Fluctuat et Mergitur

Your voice of reason at Paris-Saclay

GoodUni Digital Infrastructure
The organization of Paris-Saclay worked basically by exchanging Excel sheets by email. The recipient of such a sheet would fill out certain columns, mark the changes in red, and then return it to the sender. The sender would open the document, find the red cells, and copy/paste the values into the master Excel sheet. Sometimes, the receiver was also asked to fill a Google Sheet instead. This process led to a variegated exchange of emails which we illustrate here by a selection:
This system did not just cause an immense workload, it was also extremely error-prone: People would forget to take into account updates, they would fill out the wrong cells (overwriting the content of other people), they would open it with different software systems and thus cause changes in the formatting, or they would copy-paste into the wrong cells. In at least one case, a document was sent in the French date format (01/04/2018), but, due to a different software configuration, sent back in the American format (04/01/2018). This caused a study track to open its applications from January 4th to January 8th — instead of from the 1st of April to the 1st of August.

Digital Organization at Télécom ParisTech

It is no wonder than that all eyes turned towards Télécom ParisTech. After all, the engineering school consideres itself the best digital school in France. Hopes were high when the school vowed to bring its digital dimension to the Paris-Saclay project. We have therefore studied how the digital administration works at this school. As an example, we show here the transmission of course grades from the lecturer to the central administration, and to Paris-Saclay, in 2017.
The process involves 5 different job positions (study inspector, lecturer, jury of the master’s program, head of the computer science field, head of the SOEIST school), 4 different software systems (Synapses, Diploma, Google sheets, email), and 3 different file formats (Excel, PDF, and HTML). Most of the time is spent just verifying whether data entered on one end arrived at the other end. This verification is necessary, because every step is error-prone, and may (and did) lose data. That said, the process is already much better than in 2016, when the verification of grades happened by manually scanning printed Excel tables. Several improvements to the process are also planned for the near future. Nevertheless, the system will encounter challenges when it will have to work in the frame of NewUni, and when it will have to bridge co-accredited study fields across NewUni and Paris-Saclay.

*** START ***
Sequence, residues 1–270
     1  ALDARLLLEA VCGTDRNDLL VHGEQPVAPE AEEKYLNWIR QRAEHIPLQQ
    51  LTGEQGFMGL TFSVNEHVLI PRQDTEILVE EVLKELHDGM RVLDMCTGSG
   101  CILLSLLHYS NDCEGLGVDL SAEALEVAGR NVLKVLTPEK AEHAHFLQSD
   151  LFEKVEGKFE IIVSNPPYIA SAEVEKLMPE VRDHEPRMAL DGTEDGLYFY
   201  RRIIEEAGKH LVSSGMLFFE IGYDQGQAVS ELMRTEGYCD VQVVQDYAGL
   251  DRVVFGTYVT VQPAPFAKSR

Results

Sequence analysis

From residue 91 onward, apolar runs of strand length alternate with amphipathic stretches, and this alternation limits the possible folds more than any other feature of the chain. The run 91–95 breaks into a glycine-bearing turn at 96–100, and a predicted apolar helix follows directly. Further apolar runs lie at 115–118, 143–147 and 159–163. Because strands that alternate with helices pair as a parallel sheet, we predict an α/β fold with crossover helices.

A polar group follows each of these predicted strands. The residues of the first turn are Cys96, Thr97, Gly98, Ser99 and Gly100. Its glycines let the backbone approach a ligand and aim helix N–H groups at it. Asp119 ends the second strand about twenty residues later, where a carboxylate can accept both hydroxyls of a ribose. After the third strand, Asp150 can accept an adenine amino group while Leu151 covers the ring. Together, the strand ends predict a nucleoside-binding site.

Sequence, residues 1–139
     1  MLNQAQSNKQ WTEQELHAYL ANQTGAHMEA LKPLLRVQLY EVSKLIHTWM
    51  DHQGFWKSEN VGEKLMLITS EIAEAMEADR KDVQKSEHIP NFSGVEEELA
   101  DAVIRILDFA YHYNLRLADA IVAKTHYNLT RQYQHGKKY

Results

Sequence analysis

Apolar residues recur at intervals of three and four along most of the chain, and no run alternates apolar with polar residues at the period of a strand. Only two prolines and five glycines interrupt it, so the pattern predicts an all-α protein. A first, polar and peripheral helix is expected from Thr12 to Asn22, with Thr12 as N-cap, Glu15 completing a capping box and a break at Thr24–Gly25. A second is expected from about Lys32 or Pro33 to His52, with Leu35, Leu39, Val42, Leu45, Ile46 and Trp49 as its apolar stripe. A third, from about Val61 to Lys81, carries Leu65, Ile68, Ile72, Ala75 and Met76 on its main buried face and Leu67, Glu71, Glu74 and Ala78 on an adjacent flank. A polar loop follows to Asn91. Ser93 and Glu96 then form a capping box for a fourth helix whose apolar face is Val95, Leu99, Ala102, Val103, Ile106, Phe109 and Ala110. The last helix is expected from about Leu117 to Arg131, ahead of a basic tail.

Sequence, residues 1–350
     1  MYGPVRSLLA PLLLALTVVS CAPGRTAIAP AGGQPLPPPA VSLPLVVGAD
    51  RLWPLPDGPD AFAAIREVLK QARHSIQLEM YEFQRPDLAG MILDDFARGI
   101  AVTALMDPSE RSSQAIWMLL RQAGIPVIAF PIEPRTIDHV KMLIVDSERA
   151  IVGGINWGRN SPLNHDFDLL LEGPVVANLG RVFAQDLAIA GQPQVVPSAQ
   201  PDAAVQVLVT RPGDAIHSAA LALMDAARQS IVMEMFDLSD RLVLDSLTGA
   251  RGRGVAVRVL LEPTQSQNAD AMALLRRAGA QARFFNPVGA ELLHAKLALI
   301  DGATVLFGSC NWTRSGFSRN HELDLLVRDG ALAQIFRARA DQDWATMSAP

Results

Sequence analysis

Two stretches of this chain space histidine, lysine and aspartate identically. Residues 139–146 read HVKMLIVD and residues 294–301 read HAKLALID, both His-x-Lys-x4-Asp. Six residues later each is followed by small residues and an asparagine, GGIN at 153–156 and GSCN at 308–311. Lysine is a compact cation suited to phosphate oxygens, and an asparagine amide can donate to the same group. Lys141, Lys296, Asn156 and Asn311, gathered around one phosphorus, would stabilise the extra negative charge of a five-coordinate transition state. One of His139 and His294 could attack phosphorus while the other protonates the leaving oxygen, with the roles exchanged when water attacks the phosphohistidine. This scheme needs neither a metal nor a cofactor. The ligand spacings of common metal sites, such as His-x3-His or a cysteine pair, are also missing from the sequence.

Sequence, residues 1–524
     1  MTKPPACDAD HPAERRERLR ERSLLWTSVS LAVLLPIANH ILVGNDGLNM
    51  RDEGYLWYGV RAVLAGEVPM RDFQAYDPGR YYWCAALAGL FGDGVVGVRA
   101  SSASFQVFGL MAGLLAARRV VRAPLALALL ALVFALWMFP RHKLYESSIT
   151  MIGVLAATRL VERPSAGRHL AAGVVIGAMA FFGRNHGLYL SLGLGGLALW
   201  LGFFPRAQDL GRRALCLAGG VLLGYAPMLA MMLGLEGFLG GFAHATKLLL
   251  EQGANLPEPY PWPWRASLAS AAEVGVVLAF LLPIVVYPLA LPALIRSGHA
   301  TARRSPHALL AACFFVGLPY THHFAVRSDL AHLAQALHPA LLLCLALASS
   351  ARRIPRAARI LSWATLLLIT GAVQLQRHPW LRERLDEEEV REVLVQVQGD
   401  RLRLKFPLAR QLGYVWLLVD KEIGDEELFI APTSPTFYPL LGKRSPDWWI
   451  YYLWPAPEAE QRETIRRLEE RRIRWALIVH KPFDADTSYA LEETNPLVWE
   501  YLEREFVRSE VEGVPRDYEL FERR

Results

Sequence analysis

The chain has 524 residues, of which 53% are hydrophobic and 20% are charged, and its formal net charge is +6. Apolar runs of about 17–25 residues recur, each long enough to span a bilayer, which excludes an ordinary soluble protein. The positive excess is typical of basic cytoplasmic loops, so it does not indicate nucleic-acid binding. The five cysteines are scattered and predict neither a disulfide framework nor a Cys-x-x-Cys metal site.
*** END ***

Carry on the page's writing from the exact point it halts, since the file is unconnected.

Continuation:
Digital Organization at NewUni

The step that was initially proposed to improve this procedure was to end the contract of the study inspector. This person is obviously the least important one in the process, and removing her would greatly reduce the work for the other involved people. But then, something unexpected happened.

As we have reported before, the founding members of NewUni have drafted a document that is known as the GoodUni-document. This document lays the foundations for the new university project. It introduces a revolutionary new way of planning such projects: Instead of first accepting students and then worrying about the infrastructure, the document proposes to first put in place the infrastructure and then start accepting students.

For the digital infrastructure, the document proposes a very concrete solution. It explains that a new type of software will be written for the NewUni partners. This software is a type of Google Sheets, where every cell can be read and edited only by specific people. Consider, e.g., a sheet that contains the grades of the students (shown on the right). Every lecturer can edit the column with the grades of their course — but not the other columns. Every student can read the row of their grades — but not the other rows. The study inspector can see all grades of all students in all courses.

Another spreadsheet, which contains the final grades of the students, can be read by the students, but edited only by the jury. This spreadsheet is also shared with the study coordinators of NewUni. Thus, they can see the grades of all students — without the need to transfer any data anywhere. The same applies to the study coordinators at Paris-Saclay, if they are involved in joint study tracks. The traceability of the data is ensured by enforcing logins before modifications, and by keeping a complete version history.

One of the features of the system is that anyone can create and share such spreadsheets — much like anyone can create Google Spreadsheets. Therefore, it can handle not just course grades and diploma grades, but also application opening dates, course evaluation modalities, HCERES evaluation questions, course evaluations by students, course schedules, course enrollments, validation of teaching hours, vacation requests, refund forms, and travel requests — since in the end, all of these are all just shared spreadsheets with access rights. Dr. Naibaf, one of the co-inventors of the system, remembers:

Before, we were too focused on Synapses, and we believed that we had to extend it until it supports all desired functionalities. We did not see that there was a more general need for a tool to share tabular information. Therefore, it was quite enlightening when we found that most applications are just shared spreadsheets with access rights. We do not need separate software implementations for these — let alone paper forms.
Thus, there will be no more sending around of Excel sheets at NewUni. The new software will be operational by the end of 2018, and will replace the existing systems in the course of the next years. Dr. Naibaf is happy: “Finally, Télécom ParisTech can contribute a digital dimension somewhere”.

See what other changes GoodUni brings!

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